Explore Eelgrass Ecosystems:
Eelgrass is a native seagrass that grows in our shallow coastal waters. Eelgrass requires clear and clean water, which makes it an indicator of water quality and overall ecosystem health. However, this is a fragile species that has been struggling both locally and globally.
Local Conservation has Global Impacts
Coastal ecosystems are capable of removing large amounts of carbon from the atmosphere and storing it for centuries to millennia. Blue Carbon is the carbon sequestered by coastal marine ecosystems. Coastal seagrasses and wetlands remove carbon from the atmosphere and help to combat climate change. In Edgartown Great Pond, the native eelgrass meadows store carbon in the sediments of the Pond floor. When water quality improves as a result of restoration efforts, we cultivate a habitat where eelgrass can proliferate. When you make in investment in the protection of the Pond, you are not only helping to preserve and restore this local resource, but you are also doing something that is good for the health of the planet. Protecting the Pond is an investment in local conservation with global impact.
We learned from Phil Colarusso, seagrass expert and EPA scientist, that eelgrass meadows are basically carbon sponges. Not only do they take carbon dioxide out of the water through photosynthesis (a metabolic process that changes CO2 and H2O into sugar) but all of the carbon stored in plankton and other water creatures gets absorbed into the sediments of eelgrass meadows. If we restore eelgrass meadows, we take carbon out of the atmosphere. But, the reverse is true if we disturb, destroy, or lose eelgrass meadows—we are essentially putting carbon back into the atmosphere.
We learned from Dave Grunden, biologist and retired OB Shellfish Constable, that there is a diverse community of animals that inhabit eelgrass meadows. One of the reasons it is important to protect and restore eelgrass habitats is because of they are biodiversity hotspots, or the rainforests of the sea.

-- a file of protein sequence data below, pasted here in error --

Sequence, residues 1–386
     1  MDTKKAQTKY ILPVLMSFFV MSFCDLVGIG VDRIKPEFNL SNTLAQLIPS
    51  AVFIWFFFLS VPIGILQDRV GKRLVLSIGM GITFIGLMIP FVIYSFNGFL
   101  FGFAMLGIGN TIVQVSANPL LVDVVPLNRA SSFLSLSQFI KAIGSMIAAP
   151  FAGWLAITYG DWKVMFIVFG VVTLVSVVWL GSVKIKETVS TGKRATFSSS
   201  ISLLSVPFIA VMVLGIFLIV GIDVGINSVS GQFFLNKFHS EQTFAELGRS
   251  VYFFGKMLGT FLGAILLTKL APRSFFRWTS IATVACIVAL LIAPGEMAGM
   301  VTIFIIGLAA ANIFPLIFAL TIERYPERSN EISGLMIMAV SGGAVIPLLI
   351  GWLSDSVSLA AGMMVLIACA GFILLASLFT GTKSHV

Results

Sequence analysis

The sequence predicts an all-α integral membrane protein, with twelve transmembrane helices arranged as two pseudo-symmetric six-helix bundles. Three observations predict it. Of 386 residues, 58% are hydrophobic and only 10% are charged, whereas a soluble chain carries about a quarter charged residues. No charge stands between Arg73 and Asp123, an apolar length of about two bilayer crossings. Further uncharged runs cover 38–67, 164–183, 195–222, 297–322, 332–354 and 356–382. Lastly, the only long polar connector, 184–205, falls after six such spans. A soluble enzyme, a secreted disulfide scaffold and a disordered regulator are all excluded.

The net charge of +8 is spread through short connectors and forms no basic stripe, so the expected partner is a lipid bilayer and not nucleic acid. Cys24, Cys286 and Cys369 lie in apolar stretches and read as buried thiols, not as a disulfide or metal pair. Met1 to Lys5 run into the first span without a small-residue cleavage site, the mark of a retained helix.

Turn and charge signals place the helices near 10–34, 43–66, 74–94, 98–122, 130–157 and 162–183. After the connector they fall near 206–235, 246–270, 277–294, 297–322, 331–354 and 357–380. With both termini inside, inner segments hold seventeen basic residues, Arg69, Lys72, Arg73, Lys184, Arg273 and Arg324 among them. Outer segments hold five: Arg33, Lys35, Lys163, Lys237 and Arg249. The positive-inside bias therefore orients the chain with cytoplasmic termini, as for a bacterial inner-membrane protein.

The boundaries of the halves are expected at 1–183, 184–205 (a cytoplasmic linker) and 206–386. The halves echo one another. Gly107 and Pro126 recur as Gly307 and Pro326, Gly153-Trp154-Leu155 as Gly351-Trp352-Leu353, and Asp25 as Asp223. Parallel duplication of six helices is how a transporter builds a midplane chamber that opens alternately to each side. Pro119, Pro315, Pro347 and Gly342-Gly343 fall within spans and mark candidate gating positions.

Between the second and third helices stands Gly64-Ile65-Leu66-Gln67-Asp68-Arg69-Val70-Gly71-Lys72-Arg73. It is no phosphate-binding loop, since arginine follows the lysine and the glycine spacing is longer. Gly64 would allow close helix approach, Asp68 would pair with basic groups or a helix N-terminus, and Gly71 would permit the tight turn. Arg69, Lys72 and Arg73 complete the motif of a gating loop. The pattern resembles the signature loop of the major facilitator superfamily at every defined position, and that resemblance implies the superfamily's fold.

Animals in local eelgrass meadows
- food for bait fish
- marine worms
- calcium worms
- spider crabs
- bay scallops
- striped killfish
- sheep’s head minnows
- sea robin
- northern puffer fish
- blue crab
- striped bass
- sometimes even sharks!
We learned from Mary Carman, WHOI Scientist, that some of the creatures that inhabit eelgrass meadows can have an impact on both the health of the eelgrass and on humans. Tunicates are invertebrate animals that in low abundance can be normal parts of the ecosystem, but in high abundance, they can foul (cover the surface) eelgrass and inhibit its ability to generate food and grow. Tunicates can also be a nuisance to aquaculture operations. Mary also discussed clinging jellyfish, Goniomenums sp. Clinging jellyfish were first observed in Edgartown Great Pond in 2018. Learn more in Mary’s recent publication about these local invaders.
July 27th – Eelgrass Ecosystems & Blue Carbon
Preserving eelgrass is important for the local economy, but is also has a global impact. Go underwater with the scientists who study eelgrass on Martha’s Vineyard in the second installment on of our summer science speaker series Local Waters, Living Waters on Saturday July 27th at the Edgartown Public Library 10 am – 12 pm. This event is free and open to the public.
Phil Colarusso has been working as a marine biologist and diver for EPA for 30+ years. He has worked on a wide variety of coastal and ocean issues, including impact assessment of power plant operations on fish populations, dredging to benthic habitats and of excess nitrogen on seagrass. He is area of expert is in seagrass ecology/physiology. His current research focuses on carbon sequestration by seagrasses, seagrass restoration and the impact of invasive species on seagrasses. He got a MS in Environmental Science from University of Massachusetts in Boston and a PhD from Northeastern University in Marine Biology.
Mary Carman is a Research Specialist in the Biology Department at Woods Hole Oceanographic Institution, Woods Hole, Massachusetts. Her work has centered around invasive invertebrate species in marine coastal habitats, and in particular has looked at the impacts of fouling tunicates (sea squirts) on shellfish aquaculture, eelgrass, and community structure. She has been able to show that non-native species can dominate the habitats that they associate with, outcompeting native species. By mapping the occurrence of invasive tunicates in eelgrass meadows, Carman and her colleagues were able to document this infestation in Northwest Atlantic latitudinal studies from New Jersey to Newfoundland. She recognized the pending impacts tunicates would cause and created the International Invasive Sea Squirt Conference series. She also studies the toxic jellyfish Gonionemus vertens, a new invader and member of the eelgrass communities in New England. Carman has worked extensively on Martha’s Vineyard for the past decade.
Dave Gruden recently retired from almost 20 years as the Oak Bluffs Shellfish Constable. Prior to working for the Town of Oak Bluffs he worked for the Virginia Institute of Marine Science and the National Marine Fisheries Service and with the Wampanoag Tribe of Gay Head (Aquinnah). Over the course of Dave’s career in Oak Bluffs, he has elevated shellfish and coastal pond ecology to a new level by overseeing 60+ projects to protect, preserve, and study coastal ponds and shellfish resources.